Air heating ducts pass through the area. They are incompletely insulated and there is likely plumbing and wiring present as well.

The good news is there are no evident structural problems.  So what can be done?

Quick and dirty: heat the crawl space.

Get an electrician to put electric baseboard heaters around the perimeter about 16” down from the floor joists. He’ll tell you how many and what size. Wire them to a thermostat mounted near the floor hatch. (Have him run in some lights with a switch by the hatch if you don’t already have it.)

Set the thermostat (55F to start, wait 2 days, if floors aren’t warm enough raise to 60F, wait 2 days…repeat as required.)….and sit back to// ops no, go out and get a second job to pay the hydro bill.

Venting? Put in small hatch type screened vents (1 sq ft of screened venting split between hatches on exterior walls  – opposite sides for cross drafts. Insulate and close the hatches for winder. Open them for summer.

Good advice in 1960.

There had been a prior halfhearted attempt to insulate the floor with ‘the pink’ fiberglass batts in some joist spaces.

A buyers’ agent had recommended adding additional insulation, plus vapour barrier (where possible) and protecting the ducts from cold. It was well-intentioned advice and basically the right approach, but not enough information.

Vapour barrier (VB);

The governing factor in the choices of insulation type and placement is the vapour barrier.

It has to be on the warm side of the insulation no matter what, and it has to be a continuous membrane barrier. No leaks. No bleeds. No pass throughs. No Matter What.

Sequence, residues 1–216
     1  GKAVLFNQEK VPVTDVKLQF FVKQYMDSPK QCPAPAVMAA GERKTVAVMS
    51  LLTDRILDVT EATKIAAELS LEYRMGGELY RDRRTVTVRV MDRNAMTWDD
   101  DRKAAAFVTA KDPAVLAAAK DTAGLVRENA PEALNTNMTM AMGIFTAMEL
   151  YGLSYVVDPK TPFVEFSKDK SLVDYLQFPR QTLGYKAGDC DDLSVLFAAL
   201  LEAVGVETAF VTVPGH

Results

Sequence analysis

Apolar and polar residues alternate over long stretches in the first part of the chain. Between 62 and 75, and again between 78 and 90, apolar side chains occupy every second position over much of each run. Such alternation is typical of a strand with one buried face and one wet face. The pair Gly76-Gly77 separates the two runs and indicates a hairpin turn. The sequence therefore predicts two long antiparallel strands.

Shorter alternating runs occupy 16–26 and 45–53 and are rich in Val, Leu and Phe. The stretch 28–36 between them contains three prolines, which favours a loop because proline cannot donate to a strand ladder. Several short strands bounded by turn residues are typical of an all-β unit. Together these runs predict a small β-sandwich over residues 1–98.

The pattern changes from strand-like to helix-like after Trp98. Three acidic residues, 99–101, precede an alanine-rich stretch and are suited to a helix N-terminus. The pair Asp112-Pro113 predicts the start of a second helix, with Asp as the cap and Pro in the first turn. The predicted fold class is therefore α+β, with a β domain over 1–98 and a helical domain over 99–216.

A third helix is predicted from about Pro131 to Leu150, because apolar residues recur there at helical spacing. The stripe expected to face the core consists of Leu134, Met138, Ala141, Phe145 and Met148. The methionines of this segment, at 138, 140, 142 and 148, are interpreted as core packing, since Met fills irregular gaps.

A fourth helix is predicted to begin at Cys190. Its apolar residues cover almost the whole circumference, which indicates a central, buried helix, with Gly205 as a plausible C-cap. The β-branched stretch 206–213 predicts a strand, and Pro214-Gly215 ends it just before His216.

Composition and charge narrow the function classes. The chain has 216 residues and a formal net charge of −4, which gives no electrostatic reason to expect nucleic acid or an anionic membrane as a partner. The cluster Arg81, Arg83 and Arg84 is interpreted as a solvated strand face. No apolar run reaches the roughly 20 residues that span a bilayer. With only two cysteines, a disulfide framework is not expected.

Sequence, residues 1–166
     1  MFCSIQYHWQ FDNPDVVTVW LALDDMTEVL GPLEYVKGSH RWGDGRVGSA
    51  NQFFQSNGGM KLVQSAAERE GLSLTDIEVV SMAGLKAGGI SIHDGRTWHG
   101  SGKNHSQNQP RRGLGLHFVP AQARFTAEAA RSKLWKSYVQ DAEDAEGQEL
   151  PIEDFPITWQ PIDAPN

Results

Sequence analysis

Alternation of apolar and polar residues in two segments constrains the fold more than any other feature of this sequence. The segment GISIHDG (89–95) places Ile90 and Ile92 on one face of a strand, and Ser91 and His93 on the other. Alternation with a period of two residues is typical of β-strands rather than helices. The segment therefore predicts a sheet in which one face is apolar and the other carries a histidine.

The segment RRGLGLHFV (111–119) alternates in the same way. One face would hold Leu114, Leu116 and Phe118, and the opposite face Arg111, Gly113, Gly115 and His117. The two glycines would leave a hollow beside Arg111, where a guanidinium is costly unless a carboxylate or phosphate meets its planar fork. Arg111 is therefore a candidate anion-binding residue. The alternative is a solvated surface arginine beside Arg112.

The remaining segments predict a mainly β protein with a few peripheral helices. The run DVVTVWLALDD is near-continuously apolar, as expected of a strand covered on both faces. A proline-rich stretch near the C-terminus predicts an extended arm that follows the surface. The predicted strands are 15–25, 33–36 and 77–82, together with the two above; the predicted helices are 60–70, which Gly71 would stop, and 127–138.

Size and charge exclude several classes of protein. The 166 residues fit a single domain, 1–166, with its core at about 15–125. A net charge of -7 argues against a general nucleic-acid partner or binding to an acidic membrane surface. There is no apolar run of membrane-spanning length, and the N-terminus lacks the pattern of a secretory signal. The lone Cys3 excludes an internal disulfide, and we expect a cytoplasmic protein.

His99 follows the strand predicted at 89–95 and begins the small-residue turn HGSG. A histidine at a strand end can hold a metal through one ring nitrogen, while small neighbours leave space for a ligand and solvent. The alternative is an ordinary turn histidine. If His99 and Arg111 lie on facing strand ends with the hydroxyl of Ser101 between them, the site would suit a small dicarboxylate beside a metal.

Anything less will cause problems (mold and wood rot).

In a crawlspace you can either insulate the floor area (ducting included) or the perimeter walls. The existing floor was not built with insulation so it has no vapour barrier. So you have to add it.

To (1) insulate the floor you have to VB the under side surfaces before you fill the spaces with insulation batts.

You’re not going to rip up the flooring to do it like new construction so you have to wrap it from underneath.

At a minimum that means 6 mil polyethylene plastic fitted up the sides of joists, across under the floor to the next joist, down that side, around and up the other side and on and on till you’ve done all surfaces. Along the way you must cut and fit around every pipe, wire, duct, cross brace, blocking and beam. Every time the plastic is cut or holed it has to be taped and overlapped for 12” and taped again. VB tape (red) is specialized and not cheap. You CAN NOT substitute. The whole job has to be perfect.

 Now where can you find that anal retentive worker whose obsessive compulsive disorder is focused on the perfect vapour barrier retrofit and who likes to work in a cramped area with slippery materials and who has a helper just like him.

Practically, you can’t do a perfect enough VB job to insulate the floor that way.

(2) Insulate below the floor:  Remove all insulation present and any paper, foil or plastic sheathing.  Seal and reinsulate the ducts fully (increase the insulation ‘R’ factor as much as possible.)

Apply VB plastic to the underside of the floor joists, stretched across for bottom edge to bottom edge and lap and tape all edges seams, cuts an holes as previously mentioned. That OCD guy could be handy here but any patient crew can do it.

Next thing would be to apply rigid insulation.  A double layer with joints lapped would be ideal.  Some products have lap cut or stepped edges to accomplish the same thing and then a single layer of sufficient R-value would be sufficient.

Most people don’t have that guy working for them, so what else can we do?

(3) Insulate the perimeter walls and rim joist areas (Rim joists are the space from the walls up to under the floor). You don’t have to insulate the air ducting, as the whole space now becomes a conditioned (heated or cooled) zone.